Vijay C Roy
Tribune News Service
Chandigarh, January 6
Soon, brass metal workers also called ‘Thatheras’ of Jandiala Guru, Amritsar, would reap the benefits of joining together. Over 200 rural artisans have joined hands to register a company under the Companies Act for taking up collective business activities, including capacity building, business planning and providing marketing linkages.
The National Bank for Agriculture and Rural Development (Nabard), the lead financial institution for rural development, plans to promote this Punjab’s lesser-known craft by creating Off Farm Producer Organisations (OFPOs) — a relatively new concept in Punjab and would assist them in incorporating a company. The bank will also help them in capacity building and marketing their products.
“The brass metal work is unique to Amritsar as the workers not only manufacture brass utensils and antiques but also engrave designs on it. We have decided to provide hand-holding to them and assist them in registering their company,” said JPS Bindra, Chief General Manager, Nabard.
This particular utensil-making technique got inscribed in the 2014 list of UNESCO's Intangible Cultural Heritage — the first-ever by a traditional Indian craft form. According to experts, Jandiala Guru is home to ‘Thatheras’ or metal craftsmen who fashion utensils out of brass, copper and kansa — an alloy of copper and zinc — using traditional techniques.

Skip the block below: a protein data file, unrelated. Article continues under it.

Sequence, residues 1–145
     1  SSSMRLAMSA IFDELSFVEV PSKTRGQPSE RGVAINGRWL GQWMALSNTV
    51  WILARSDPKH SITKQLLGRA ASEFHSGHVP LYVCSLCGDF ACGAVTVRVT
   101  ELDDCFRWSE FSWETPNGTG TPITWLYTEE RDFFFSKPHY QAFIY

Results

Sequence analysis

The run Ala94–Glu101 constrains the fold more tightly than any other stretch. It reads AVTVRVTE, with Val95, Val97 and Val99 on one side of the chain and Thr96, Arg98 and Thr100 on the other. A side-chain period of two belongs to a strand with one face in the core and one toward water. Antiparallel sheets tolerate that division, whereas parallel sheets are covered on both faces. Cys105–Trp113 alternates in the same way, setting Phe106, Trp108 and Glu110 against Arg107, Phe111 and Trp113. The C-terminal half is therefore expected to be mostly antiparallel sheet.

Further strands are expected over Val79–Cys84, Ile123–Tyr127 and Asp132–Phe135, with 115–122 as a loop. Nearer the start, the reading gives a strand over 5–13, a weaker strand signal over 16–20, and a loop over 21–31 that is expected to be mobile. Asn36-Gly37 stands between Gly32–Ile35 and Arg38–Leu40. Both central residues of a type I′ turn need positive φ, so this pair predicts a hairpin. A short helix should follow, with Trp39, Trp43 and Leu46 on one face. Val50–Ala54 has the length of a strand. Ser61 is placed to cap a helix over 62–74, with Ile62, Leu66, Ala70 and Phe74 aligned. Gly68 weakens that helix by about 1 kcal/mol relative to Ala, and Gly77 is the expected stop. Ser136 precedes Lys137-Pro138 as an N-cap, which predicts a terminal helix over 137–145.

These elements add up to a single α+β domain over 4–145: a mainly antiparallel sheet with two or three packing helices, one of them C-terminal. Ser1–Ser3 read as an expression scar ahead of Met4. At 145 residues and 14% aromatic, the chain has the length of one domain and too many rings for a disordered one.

The unique craft is said to date back to the reign of Maharaja Ranjit Singh in 1883, who encouraged skilled metal crafters from Kashmir and other areas to settle in the heart of his kingdom in Punjab. The entire process is manual. The manufacturing process requires melting scrap metal and moulding it into nuggets, which are then rolled into plates. The plates are then shaped into vessels or antiques using welding and riveting techniques, which require heating and hammering.
They then engrave it with unique designs by hand, which is a unique characteristic of Punjab-made utensils and antiques.
Since Indian households have increased the use of steel and aluminum utensils over the years, the utensils manufactured by them are on the verge of extinction. However, the assistance by Nabard will go a long way in promoting them.
“Most of the workers engaged in this art are having low income due to less demand. It is observed that these artisans are not aware of changing patterns and designs, which is must to remain relevant in the market,” he said.
Already, the Phulkari cluster based at Sangrur in Punjab has registered a company with 400 artisans as its members and reaping benefits. Bindra said the bank would organise village artisans into an OFPO.
He said marketing is one of the biggest challenges faced by rural artisans. “Taking a step in this direction, we are organising ‘NABKRAFT Mela’ from January 9 to 13 in Chandigarh which will showcase products by self-help groups, artisans and farmer producer organisations.
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